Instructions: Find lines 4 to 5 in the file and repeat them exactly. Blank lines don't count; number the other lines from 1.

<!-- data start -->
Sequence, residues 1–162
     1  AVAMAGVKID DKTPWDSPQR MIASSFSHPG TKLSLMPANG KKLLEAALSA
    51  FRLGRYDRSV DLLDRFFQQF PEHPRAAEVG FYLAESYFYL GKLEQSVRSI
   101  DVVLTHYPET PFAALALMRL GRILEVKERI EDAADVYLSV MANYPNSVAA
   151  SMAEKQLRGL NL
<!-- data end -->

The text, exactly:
   101  DVVLTHYPET PFAALALMRL GRILEVKERI EDAADVYLSV MANYPNSVAA
   151  SMAEKQLRGL NL